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HTML

              
                <script src="https://cdn.freecodecamp.org/testable-projects-fcc/v1/bundle.js"></script>

        <nav id="navbar">
            <header>
              <h1>HTML Documentation</h1>
            </header>
            <div>
                <ul>
                    <li><a href="#Introduction" class="nav-link">Introduction</a></li>
                    <li><a href="#Getting_Started" class="nav-link">Getting Started</a></li>
                    <li><a href="#Elements" class="nav-link">Elements</a></li>
                    <li><a href="#Attributes" class="nav-link">Attributes</a></li>
                    <li><a href="#Headings" class="nav-link">Headings</a></li>
                    <li><a href="#Paragraphs" class="nav-link">Paragraphs</a></li>
                    <li><a href="#Links" class="nav-link">Links</a></li>
                    <li><a href="#Text_Formating" class="nav-link">Text Formating</a></li>
                    <li><a href="#Styles" class="nav-link">Styles</a></li>
                    <li><a href="#Images" class="nav-link">Images</a></li>
                    <li><a href="#References" class="nav-link">References</a></li>
                </ul>
            </div>
        </nav>
        <main id="main-doc">
            <section class="main-section" id="Introduction">
              <header>Introduction</header>
                <article>
                    <p>
                        HTML is the main markup language for describing the structure of web pages.
                    </p>
                    <p>
                        HTML stands for HyperText Markup Language. HTML is the basic building block of World Wide Web.

Hypertext is text displayed on a computer or other electronic device with references to other text that the user can immediately access, usually by a mouse click or key press.

Apart from text, hypertext may contain tables, lists, forms, images, and other presentational elements. It is an easy-to-use and flexible format to share information over the Internet.

Markup languages use sets of markup tags to characterize text elements within a document, which gives instructions to the web browsers on how the document should appear.

HTML was originally developed by Tim Berners-Lee in 1990. He is also known as the father of the web. In 1996, the World Wide Web Consortium (W3C) became the authority to maintain the HTML specifications. HTML also became an international standard (ISO) in 2000. HTML5 is the latest version of HTML. HTML5 provides a faster and more robust approach to web development.
                    </p>
                    <h2>What You Can Do with HTML</h2>
                    <p>There are lot more things you can do with HTML.</p>
                    <ul>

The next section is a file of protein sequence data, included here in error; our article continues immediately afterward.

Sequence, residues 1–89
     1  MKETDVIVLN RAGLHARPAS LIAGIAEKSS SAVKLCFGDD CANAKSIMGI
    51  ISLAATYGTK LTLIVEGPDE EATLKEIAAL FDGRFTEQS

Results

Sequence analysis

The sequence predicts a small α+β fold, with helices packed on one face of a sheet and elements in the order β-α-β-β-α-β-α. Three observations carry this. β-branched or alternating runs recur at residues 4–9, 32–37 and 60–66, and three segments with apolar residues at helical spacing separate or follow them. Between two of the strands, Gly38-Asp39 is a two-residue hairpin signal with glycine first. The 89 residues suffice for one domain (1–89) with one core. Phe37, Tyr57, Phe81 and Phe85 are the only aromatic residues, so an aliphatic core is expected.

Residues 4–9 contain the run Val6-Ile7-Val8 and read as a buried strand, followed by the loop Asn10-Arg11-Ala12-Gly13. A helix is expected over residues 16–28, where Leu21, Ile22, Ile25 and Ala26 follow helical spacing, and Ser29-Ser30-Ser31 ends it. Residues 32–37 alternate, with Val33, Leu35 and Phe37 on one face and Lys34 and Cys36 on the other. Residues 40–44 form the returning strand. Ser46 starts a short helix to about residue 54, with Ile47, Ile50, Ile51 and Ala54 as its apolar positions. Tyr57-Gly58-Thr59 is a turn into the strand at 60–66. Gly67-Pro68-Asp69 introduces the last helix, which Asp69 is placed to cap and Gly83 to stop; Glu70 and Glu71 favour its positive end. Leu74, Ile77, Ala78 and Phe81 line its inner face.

<li>You can publish documents online with text, images, lists, tables, etc.</li>
                        <li>You can access web resources such as images, videos or other HTML document via hyperlinks.</li>
                        <li>You can create forms to collect user inputs like name, e-mail address, comments, etc.</li>
                        <li>You can include images, videos, sound clips, flash movies, applications and other HTML documents directly inside an HTML document.</li>
                        <li>You can create offline version of your website that work without internet.</li>
                        <li>You can store data in the user's web browser and access later on.</li>
                        <li>You can find the current location of your website's visitor.</li>
                    </ul>
                    <p>
                        The list does not end here, there are many other interesting things that you can do with HTML. You will learn about all of them in detail in upcoming chapters.
                    </p>
                    <div class="note">
                        <p>
                            <b>Note:</b> HTML as described earlier is a markup language not a programming language, like Java, Ruby, PHP, etc. You need a web browser to view the HTML pages. The web browsers do not display the HTML tags, but uses the tags to interpret the content of the web pages.
                        </p>
                    </div>
                    <h2>What is This Tutorial Covers</h2>
                    <p>
                        This HTML tutorial series covers all the fundamentals of HTML, including the idea of elements and attributes, way of formatting the text using HTML tags, methods of adding the style information to the document, technique of inserting images and tables, process of creating lists and forms as well as method of including other HTML documents inside the current document, and so on.

Once you're familiar with the basics, you'll move on to next level that explains the concept of doctype, methods for creating the web page layouts, importance of adding meta information to the web pages, way of adding scripts, techniques of showing special characters, anatomy of a URL, and more.

Finally, you'll explore some advanced features introduced in HTML5 such as new input types, drawing graphics on the webpage, including audios and videos in the document, storing data on client-side using web storage, caching files, performing background work with web worker, as well as getting user's geographical coordinates, creating drag and drop application, and so on.
                    </p>
                    <div class="tip">
                        <p>
                            <b>Tip:</b> Every chapter in this tutorial contains lots of real-world examples that you can try and test using an online editor. These examples will help you to better understand the concept or topic. It also contains smart workarounds as well as useful tips and important notes.